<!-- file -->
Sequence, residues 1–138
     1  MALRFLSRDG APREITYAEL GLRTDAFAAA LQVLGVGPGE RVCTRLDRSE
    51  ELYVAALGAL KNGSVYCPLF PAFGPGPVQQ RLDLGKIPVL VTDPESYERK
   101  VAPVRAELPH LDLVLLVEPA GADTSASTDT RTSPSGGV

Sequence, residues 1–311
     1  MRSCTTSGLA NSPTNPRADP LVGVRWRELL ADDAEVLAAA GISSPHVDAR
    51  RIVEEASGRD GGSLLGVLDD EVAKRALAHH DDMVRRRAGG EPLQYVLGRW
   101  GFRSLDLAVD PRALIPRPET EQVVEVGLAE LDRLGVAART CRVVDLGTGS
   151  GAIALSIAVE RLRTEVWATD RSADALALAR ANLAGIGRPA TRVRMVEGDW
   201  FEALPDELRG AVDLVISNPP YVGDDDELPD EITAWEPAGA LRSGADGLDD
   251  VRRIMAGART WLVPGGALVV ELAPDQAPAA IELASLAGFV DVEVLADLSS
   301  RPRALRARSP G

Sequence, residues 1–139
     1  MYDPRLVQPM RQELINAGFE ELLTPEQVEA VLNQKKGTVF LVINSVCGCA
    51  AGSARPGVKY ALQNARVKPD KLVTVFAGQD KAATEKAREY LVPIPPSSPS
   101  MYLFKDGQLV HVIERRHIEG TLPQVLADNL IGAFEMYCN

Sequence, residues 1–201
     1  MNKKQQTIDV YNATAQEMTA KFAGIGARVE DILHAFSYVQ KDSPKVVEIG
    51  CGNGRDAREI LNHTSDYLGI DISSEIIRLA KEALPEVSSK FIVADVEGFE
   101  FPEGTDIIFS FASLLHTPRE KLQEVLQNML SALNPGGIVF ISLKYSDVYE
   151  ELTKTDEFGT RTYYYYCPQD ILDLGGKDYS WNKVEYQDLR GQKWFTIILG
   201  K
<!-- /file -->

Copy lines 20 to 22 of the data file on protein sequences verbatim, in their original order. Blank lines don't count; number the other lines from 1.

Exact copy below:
   101  FPEGTDIIFS FASLLHTPRE KLQEVLQNML SALNPGGIVF ISLKYSDVYE
   151  ELTKTDEFGT RTYYYYCPQD ILDLGGKDYS WNKVEYQDLR GQKWFTIILG
   201  K